Elizabeth McGovern was nominated for an Oscar as turn-of-the-century Broadway sensation Evelyn Nesbit in the film of E.L. Doctorow's <em>Ragtime. </em>She plays Lady Cora Grantham in<em> Downton Abbey.</em>
Credit Nick Brigg / ITV/Masterpiece
McGovern (center) is part of a redoubtable ensemble cast that includes Maggie Smith as her mother-in-law, the Dowager Countess of Grantham, and Hugh Bonneville as her husband the Earl.
Elizabeth McGovern is back — though she was never really gone. She just moved across the pond.
She was 19 when a star — hers — was born, after she played the love interest in Robert Redford's film Ordinary People. She went on to co-star with some of Hollywood's leading men, including Robert De Niro, Brad Pitt and Sean Penn, and landed an Oscar nomination for Milos Forman's big-budget film Ragtime.
But in the early '90s, McGovern married a British guy and gave up Hollywood for London. She raised a family and developed a British acting career.
Italy's new prime minister, technocrat Mario Monti, wants to stimulate growth by boosting productivity and competitiveness. A new law that went into effect Jan. 1 allows shops, cafes and restaurants to stay open 24/7 all year long, holidays included. This deregulation puts Italy ahead of many European countries, but many Italians are resisting.
Friday — the Day of the Epiphany — was the first holiday of the year. In Rome, however, hardly anyone took advantage of the liberalized shop hours.
The U.S. Supreme Court hears arguments Monday in a case near and dear to EPA haters.
It would seem to be a David-and-Goliath case that pits a middle-class American couple trying to build their dream home against the Environmental Protection Agency. But the couple, Michael and Chantell Sackett, is backed by a veritable who's who in American mining, oil, utilities, manufacturing and real estate development, as well as groups opposed to government regulation.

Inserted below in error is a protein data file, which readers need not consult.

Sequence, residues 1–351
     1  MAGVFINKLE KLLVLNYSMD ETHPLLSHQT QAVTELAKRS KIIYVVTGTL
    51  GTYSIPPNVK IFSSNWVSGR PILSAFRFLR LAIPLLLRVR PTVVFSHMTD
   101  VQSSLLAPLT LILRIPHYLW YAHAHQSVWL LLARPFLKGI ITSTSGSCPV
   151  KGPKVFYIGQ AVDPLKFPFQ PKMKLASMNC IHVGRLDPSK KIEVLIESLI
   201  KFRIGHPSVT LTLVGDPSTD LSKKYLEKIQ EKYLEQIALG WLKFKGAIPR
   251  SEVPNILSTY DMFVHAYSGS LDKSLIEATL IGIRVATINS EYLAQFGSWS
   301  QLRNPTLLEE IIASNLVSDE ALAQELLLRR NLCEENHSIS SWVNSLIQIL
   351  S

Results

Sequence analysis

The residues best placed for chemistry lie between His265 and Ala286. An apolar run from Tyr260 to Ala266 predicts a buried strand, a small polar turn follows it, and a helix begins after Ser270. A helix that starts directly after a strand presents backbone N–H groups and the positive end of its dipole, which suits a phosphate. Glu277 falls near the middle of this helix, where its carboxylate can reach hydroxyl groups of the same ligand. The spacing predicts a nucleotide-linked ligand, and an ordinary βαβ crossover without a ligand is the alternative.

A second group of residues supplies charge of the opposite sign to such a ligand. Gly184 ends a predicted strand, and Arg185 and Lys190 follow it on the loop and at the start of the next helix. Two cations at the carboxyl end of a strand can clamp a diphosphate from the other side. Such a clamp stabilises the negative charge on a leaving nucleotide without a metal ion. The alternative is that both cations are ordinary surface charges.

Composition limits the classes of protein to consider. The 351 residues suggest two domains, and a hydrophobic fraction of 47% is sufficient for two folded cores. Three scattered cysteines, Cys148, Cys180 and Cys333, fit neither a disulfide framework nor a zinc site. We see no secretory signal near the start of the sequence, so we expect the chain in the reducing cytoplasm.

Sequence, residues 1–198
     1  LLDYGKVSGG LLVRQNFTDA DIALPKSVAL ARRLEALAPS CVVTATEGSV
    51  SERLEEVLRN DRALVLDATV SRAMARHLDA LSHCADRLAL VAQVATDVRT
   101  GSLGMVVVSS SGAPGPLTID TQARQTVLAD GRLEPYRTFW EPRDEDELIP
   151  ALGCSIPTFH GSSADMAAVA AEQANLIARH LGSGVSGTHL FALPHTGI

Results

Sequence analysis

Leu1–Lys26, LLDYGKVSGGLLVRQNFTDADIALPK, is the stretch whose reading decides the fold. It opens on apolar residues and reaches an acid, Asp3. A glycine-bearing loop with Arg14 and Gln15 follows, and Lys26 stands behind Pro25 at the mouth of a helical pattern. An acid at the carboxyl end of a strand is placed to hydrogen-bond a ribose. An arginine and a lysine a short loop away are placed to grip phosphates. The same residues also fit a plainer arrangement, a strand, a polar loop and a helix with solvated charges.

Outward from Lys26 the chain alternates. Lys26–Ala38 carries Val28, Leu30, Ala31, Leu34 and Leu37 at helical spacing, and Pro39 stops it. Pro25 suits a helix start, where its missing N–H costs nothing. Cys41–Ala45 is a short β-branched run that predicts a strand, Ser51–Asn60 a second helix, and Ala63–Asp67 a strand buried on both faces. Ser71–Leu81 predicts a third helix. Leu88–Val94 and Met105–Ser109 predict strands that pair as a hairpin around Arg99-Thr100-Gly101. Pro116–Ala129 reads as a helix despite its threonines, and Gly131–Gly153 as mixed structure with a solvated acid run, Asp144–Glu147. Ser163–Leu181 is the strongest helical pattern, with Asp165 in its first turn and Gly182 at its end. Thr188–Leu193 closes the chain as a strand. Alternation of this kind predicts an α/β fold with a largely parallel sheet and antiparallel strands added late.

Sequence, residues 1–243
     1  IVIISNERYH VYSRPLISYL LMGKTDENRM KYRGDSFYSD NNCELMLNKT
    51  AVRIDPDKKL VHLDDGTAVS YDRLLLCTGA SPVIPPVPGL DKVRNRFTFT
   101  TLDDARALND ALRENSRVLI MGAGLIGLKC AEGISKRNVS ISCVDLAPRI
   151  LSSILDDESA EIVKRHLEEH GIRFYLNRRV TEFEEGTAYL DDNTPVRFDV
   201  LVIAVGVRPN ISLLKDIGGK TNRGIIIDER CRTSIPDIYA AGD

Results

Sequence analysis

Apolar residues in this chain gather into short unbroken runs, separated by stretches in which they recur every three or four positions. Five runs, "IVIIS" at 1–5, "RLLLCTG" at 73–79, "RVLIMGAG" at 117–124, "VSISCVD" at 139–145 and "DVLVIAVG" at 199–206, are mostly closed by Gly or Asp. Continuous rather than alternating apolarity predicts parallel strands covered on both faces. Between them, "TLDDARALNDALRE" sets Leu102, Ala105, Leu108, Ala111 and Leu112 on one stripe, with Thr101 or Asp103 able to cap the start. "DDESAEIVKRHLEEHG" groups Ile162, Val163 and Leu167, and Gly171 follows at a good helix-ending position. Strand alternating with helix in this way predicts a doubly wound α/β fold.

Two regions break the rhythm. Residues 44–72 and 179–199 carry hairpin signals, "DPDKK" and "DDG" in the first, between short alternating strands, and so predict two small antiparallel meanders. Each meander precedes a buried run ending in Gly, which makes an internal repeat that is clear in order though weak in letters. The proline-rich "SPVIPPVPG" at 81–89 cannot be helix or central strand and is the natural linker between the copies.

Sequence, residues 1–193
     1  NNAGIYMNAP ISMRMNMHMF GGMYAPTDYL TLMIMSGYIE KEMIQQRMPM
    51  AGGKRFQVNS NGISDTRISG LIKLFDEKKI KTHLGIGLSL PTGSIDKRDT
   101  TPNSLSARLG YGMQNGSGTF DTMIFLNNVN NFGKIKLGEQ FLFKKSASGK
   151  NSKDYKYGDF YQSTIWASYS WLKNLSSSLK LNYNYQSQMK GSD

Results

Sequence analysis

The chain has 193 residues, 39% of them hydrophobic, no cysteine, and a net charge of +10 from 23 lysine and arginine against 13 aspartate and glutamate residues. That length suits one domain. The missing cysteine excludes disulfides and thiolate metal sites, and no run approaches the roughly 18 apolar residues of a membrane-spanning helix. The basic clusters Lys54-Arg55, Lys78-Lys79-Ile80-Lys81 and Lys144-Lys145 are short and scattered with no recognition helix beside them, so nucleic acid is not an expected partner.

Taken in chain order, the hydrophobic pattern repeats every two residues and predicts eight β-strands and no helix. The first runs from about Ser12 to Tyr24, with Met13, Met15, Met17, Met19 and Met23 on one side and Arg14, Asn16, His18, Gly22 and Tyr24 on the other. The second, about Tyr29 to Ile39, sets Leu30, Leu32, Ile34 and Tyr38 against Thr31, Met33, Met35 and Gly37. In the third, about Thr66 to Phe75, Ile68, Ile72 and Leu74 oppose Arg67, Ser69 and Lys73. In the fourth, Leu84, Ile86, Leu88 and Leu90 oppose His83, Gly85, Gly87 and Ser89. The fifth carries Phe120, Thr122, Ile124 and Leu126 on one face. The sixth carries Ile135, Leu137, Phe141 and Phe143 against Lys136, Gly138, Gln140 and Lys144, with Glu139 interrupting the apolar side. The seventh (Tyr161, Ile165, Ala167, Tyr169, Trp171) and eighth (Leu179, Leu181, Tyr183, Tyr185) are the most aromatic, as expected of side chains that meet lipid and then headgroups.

President Obama took a controversial step this week in making appointments to the Consumer Financial Protection Bureau and National Labor Relations Board during what the White House considered a congressional recess, bypassing any objections from lawmakers.
Originally published on Fri January 6, 2012 5:44 pm
The struggle between government forces and protesters continues in the Gulf nation of Bahrain. Today, it came back into focus when Nabeel Rajab, a prominent human rights activist, was detained and beaten by government security forces.
The Bahrain Centre for Human Rights said Rajab was beaten "for participating in a peaceful protest" in the capital city of Manama, today. In a press release, the organization reports:
When it comes to a gunshot or stab wound in the stomach, surgeons will almost reflexively open up a patient's abdomen to look for damage.
But that's starting to change as doctors rethink how best to manage trauma cases.
A team of researchers pored over the National Trauma Data Bank and examined more than 25,000 cases of penetrating injuries to the abdomen (about 12,000 gunshot cases and 13,000 stabbings) in the U.S. between 2002 and 2008.
Each January, the first bluefin tuna auction at Toyko's Tsukiji fish market commands some of the highest prices of the year.
This year's auction got off to an especially extravagant start when a sushi chain owner paid 56.49 million yen, or about $736,000, for one 593-pound bluefin tuna yesterday, according to wire service reports.